January marks Love Your Liver Awareness month, where the key aim is to put a spotlight on the risk factors and the steps we can take to keep our livers healthy, as well as encourage early detection of liver disease.
Liver disease is an often overlooked yet significant public health concern. Despite a staggering 90% of liver damage cases stemming from preventable causes, such as excessive alcohol intake, obesity and viral hepatitis, deaths from the disease have nearly doubled in the last 20 years. Recent figures show that more than 10,000 people die from liver disease every year.
A key policy campaign of the British Liver Trust is to ‘make early diagnosis of liver disease routine’. Detecting liver disease earlier will need primary care nurses and professionals to know the risk factors and proactively look for it in their patients.
New figures from the charity’s Love Your Liver roadshow reveal that one in ten people who were scanned in 2023 had signs of possible liver damage. These are not specific people invited to be scanned but anyone who happens to be walking past the roadshow in their local area by chance to find out more about liver disease.
These figures are particularly concerning as liver disease develops silently with no signs or symptoms. This means people often don’t realise they have a problem until the damage is more severe and often irreversible. As it stands, three quarters of people are diagnosed with cirrhosis at a point when it is too late for effective treatment. And a further quarter of people who are diagnosed late in hospital die within 60 days.
That’s why the British Liver Trust’s Love Your Liver campaign is so important. The liver has the amazing ability to regenerate itself and if found early damage can be halted and sometimes reversed Primary care health professionals are in ideal position to assess risk factors in patients and spread awareness on how to care for the liver. Early assessments and detection could give patients the opportunity they need to repair their liver before it’s too late.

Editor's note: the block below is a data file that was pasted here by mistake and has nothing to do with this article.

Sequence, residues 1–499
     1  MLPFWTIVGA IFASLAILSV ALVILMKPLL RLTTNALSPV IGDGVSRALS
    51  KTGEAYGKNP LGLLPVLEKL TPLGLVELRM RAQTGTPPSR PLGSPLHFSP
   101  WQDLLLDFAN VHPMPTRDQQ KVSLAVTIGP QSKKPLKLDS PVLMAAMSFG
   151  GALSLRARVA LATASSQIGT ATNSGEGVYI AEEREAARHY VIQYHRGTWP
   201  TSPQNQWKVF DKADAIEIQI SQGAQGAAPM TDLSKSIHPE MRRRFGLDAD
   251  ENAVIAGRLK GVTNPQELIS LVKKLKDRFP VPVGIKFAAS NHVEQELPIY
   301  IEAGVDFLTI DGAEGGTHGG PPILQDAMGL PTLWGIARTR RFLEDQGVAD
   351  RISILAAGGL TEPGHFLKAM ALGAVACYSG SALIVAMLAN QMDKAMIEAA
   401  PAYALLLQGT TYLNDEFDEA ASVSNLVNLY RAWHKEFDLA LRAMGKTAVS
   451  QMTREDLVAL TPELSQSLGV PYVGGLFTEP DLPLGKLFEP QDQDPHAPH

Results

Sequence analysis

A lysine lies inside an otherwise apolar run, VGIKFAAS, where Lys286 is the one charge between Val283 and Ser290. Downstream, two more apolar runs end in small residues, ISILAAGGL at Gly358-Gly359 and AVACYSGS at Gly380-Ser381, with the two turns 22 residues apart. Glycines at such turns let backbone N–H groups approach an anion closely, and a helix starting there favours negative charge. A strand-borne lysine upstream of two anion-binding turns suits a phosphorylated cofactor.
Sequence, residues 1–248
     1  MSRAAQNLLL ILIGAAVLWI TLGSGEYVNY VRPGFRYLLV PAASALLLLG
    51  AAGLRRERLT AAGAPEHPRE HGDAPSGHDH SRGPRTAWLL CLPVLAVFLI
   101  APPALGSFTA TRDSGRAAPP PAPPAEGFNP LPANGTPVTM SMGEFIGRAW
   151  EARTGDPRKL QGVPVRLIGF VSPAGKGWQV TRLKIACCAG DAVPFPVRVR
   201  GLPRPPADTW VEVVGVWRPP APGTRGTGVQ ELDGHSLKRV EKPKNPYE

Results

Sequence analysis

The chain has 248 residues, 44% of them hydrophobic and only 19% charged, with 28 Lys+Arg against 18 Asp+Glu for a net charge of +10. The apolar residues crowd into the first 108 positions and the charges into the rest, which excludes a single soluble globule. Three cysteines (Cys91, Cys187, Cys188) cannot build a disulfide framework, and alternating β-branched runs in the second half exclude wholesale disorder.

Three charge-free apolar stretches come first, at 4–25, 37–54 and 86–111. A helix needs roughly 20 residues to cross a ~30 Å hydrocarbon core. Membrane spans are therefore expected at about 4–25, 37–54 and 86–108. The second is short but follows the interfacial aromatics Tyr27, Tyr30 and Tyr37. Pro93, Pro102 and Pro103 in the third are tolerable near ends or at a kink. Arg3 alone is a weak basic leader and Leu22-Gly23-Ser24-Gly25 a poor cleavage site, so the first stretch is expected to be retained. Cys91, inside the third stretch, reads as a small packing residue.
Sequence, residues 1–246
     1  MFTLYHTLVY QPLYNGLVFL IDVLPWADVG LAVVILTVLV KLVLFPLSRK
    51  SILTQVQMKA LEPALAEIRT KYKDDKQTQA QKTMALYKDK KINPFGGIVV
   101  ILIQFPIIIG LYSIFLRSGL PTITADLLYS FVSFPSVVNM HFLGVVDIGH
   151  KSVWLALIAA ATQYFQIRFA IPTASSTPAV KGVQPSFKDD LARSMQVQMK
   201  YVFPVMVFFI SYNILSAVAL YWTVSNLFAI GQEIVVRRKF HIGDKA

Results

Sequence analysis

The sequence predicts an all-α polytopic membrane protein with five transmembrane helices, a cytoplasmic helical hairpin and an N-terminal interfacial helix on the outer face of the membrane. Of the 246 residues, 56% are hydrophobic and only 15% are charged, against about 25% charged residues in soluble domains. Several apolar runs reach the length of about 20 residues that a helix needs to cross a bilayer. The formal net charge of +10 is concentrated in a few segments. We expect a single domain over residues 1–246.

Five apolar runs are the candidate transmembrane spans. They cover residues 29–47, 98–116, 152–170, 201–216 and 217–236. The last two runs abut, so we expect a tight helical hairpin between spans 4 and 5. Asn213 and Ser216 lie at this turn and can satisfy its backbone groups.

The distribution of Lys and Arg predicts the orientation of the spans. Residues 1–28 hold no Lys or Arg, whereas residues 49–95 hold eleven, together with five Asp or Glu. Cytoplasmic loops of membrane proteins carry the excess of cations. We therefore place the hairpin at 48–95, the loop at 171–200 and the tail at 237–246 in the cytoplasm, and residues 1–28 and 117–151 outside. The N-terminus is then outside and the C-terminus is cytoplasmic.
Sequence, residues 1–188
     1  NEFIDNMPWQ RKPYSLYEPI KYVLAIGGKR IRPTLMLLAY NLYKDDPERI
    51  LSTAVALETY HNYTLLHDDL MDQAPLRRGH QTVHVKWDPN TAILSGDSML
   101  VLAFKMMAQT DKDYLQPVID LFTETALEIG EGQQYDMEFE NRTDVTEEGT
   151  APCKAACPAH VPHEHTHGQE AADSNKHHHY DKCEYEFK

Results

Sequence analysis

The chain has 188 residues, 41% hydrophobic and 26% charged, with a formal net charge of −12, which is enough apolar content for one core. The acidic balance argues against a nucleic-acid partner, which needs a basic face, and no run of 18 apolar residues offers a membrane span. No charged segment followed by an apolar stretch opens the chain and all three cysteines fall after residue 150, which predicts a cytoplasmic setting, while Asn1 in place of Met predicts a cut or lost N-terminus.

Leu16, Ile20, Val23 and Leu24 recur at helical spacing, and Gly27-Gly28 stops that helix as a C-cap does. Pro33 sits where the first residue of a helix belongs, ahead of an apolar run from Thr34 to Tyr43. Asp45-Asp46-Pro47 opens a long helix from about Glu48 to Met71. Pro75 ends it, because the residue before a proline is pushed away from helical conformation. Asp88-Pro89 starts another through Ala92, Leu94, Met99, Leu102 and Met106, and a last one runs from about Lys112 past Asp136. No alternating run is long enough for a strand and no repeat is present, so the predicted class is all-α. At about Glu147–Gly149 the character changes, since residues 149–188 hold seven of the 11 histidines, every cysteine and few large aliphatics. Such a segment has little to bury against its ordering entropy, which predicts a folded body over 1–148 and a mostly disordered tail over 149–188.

The Love Your Liver campaign focuses on three simple but effective steps to improve liver health:
● Drink less than 14 units of alcohol and have three consecutive days off alcohol every week.
● Cut down on sugar, carbohydrates and fat, and take more exercise.
● Know the risk factors for viral hepatitis and get tested or vaccinated if at risk. There are now highly effective cures for hepatitis.
People can find out if they are at risk of liver disease by visiting Love Your Liver Screener - British Liver Trust. The British Liver Trust also free liver screening and scanning to members of the public with their Love Your Liver roadshow.